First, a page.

Legal threats from Facebook suits have led to the destruction of a massive database created by a researcher, looking to innocently examine social connections between friends.
According to the New Scientist, legal pressure forced Pete Warden to destroy the records, even though identical information can be pulled from Google’s cache, with other commercial search engines doing exactly the same thing.
Using ‘legal’ crawler software, he harvested information from Facebook profile pages you could get without logging in. From that he could get user’s names, locations, friends and interests, but he was planning to remove names and make details anonymous.
It was the fact that Warden didn’t ask for permission that Facebook didn’t take kindly to, as others had compiled similar databases after notifying Facebook beforehand.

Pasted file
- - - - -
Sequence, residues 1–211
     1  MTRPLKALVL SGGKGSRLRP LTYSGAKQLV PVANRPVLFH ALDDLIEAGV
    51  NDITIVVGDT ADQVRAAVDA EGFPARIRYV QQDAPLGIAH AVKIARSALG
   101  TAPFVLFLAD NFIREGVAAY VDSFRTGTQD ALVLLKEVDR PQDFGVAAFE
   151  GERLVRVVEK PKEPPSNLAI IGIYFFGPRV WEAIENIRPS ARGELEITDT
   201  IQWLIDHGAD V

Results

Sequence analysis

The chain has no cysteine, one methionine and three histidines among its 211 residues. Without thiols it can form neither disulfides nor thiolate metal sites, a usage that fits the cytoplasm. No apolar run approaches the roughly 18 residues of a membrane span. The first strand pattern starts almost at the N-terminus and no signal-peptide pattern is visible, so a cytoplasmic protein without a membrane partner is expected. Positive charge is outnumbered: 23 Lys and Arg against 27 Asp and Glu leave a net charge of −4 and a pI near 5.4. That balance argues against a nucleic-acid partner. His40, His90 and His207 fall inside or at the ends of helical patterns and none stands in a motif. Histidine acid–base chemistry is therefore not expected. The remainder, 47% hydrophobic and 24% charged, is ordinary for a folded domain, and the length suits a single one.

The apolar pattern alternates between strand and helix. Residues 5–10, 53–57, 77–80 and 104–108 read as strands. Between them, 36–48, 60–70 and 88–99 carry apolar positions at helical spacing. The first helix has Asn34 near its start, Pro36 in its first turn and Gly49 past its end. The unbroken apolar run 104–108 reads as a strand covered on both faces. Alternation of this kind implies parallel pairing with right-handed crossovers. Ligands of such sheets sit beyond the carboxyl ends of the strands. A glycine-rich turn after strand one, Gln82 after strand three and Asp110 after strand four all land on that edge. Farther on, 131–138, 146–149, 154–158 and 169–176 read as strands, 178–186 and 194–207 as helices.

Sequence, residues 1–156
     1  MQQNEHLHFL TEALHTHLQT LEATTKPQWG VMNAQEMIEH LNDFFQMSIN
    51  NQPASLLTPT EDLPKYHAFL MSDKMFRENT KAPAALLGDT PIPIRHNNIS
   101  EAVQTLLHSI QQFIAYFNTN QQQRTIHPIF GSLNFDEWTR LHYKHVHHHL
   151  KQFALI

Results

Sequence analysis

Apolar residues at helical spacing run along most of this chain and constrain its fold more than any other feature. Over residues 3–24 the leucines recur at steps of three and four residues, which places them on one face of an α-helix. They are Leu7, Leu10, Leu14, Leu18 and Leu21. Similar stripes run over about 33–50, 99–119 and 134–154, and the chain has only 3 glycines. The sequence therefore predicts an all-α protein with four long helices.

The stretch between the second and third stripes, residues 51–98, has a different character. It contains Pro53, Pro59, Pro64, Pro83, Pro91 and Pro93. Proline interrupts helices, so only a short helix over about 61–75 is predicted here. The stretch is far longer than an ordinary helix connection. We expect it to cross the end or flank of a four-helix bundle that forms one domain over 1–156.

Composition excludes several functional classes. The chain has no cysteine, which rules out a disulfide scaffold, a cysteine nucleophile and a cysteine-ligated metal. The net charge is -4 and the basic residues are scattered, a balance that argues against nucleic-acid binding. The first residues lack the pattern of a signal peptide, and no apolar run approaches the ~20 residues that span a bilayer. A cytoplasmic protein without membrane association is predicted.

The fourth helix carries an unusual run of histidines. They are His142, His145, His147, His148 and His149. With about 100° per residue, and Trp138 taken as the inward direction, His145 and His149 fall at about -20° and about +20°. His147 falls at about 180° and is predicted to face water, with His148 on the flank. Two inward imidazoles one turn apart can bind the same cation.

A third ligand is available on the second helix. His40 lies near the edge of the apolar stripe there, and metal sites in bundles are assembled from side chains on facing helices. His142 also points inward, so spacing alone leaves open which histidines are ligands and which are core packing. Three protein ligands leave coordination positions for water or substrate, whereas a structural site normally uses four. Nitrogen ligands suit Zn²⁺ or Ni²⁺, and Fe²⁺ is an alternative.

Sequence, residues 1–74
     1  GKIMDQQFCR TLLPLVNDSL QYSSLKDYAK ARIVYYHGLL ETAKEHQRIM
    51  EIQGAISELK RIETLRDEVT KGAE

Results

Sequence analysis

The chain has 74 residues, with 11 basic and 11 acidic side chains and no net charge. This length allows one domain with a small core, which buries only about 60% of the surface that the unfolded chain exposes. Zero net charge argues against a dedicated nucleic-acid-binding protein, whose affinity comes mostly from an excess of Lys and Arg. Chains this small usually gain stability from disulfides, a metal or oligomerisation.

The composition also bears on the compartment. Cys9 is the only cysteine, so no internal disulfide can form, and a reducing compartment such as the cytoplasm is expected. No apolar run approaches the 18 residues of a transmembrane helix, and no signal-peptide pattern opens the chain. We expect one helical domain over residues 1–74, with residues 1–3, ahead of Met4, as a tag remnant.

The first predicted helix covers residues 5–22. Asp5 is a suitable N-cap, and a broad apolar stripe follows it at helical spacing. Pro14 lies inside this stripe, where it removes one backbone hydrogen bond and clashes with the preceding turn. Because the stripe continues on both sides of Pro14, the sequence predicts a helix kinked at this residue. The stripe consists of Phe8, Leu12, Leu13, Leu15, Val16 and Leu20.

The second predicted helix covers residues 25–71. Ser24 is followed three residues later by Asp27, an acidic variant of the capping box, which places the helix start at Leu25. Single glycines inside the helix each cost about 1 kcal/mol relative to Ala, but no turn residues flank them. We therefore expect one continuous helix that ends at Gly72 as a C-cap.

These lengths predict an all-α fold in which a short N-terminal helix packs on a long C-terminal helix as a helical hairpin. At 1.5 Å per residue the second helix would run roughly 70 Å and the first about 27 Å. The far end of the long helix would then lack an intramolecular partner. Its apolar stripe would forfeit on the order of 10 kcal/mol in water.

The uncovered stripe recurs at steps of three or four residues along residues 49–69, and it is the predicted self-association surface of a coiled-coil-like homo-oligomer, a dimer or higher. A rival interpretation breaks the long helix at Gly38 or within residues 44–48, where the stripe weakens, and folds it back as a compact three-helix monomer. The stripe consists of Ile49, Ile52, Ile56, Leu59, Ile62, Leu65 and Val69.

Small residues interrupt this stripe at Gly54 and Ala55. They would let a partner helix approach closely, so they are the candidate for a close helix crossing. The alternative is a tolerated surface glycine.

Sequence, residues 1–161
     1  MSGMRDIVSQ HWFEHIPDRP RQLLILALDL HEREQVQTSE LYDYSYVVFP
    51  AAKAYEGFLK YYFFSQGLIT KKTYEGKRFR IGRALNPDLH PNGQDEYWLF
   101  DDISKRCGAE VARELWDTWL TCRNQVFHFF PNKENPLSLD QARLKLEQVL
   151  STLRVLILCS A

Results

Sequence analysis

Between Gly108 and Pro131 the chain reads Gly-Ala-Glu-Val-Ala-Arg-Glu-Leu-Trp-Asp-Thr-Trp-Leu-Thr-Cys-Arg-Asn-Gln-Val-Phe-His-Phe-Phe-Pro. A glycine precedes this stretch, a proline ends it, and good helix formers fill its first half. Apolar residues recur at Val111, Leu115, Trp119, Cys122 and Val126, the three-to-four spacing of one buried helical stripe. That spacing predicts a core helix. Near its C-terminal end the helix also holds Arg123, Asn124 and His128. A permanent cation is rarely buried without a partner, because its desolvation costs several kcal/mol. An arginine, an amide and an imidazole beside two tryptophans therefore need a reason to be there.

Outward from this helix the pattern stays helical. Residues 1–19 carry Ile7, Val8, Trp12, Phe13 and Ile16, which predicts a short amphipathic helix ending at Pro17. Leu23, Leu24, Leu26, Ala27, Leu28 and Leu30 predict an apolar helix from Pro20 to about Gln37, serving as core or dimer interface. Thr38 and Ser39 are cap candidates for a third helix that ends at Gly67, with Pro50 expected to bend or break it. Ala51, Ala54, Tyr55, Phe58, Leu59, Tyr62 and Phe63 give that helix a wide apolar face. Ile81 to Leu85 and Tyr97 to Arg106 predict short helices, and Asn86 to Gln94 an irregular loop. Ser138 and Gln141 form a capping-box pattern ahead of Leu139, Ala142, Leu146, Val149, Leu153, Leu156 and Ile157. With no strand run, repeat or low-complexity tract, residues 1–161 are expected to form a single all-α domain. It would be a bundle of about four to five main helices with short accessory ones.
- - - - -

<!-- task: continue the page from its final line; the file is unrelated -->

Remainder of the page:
But Warden was still very unlucky to have to destroy the data, as Facebook carried a file called ‘robot.txt’ which doesn’t prohibit the use of crawler software to sift through the data.
Warden said on his blog: “As you can imagine I'm not very happy about this, especially since nobody ever alleged that my data gathering was outside the rules the web has operated by since crawlers existed.
“So why am I destroying the data? This area has never been litigated and I don't have enough money to be a test case.”
Warden used to work at Apple, which meant that he understood Facebook’s stance as getting the lawyers in was a “tempting first option”. But he said that there was good news as he noticed that there was a real commitment on the behalf of researchers to safeguard the data.
On the side of Facebook, it does seem that recent bad press over privacy and the availability of profile data has made it more touchy than ever before.